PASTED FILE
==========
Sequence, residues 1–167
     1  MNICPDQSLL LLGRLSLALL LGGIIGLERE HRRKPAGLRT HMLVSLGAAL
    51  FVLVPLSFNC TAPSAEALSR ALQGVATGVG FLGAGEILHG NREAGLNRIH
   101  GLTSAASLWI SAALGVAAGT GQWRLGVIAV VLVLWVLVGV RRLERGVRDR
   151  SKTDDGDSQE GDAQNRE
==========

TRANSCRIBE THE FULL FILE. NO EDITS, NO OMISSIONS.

Sequence, residues 1–167
     1  MNICPDQSLL LLGRLSLALL LGGIIGLERE HRRKPAGLRT HMLVSLGAAL
    51  FVLVPLSFNC TAPSAEALSR ALQGVATGVG FLGAGEILHG NREAGLNRIH
   101  GLTSAASLWI SAALGVAAGT GQWRLGVIAV VLVLWVLVGV RRLERGVRDR
   151  SKTDDGDSQE GDAQNRE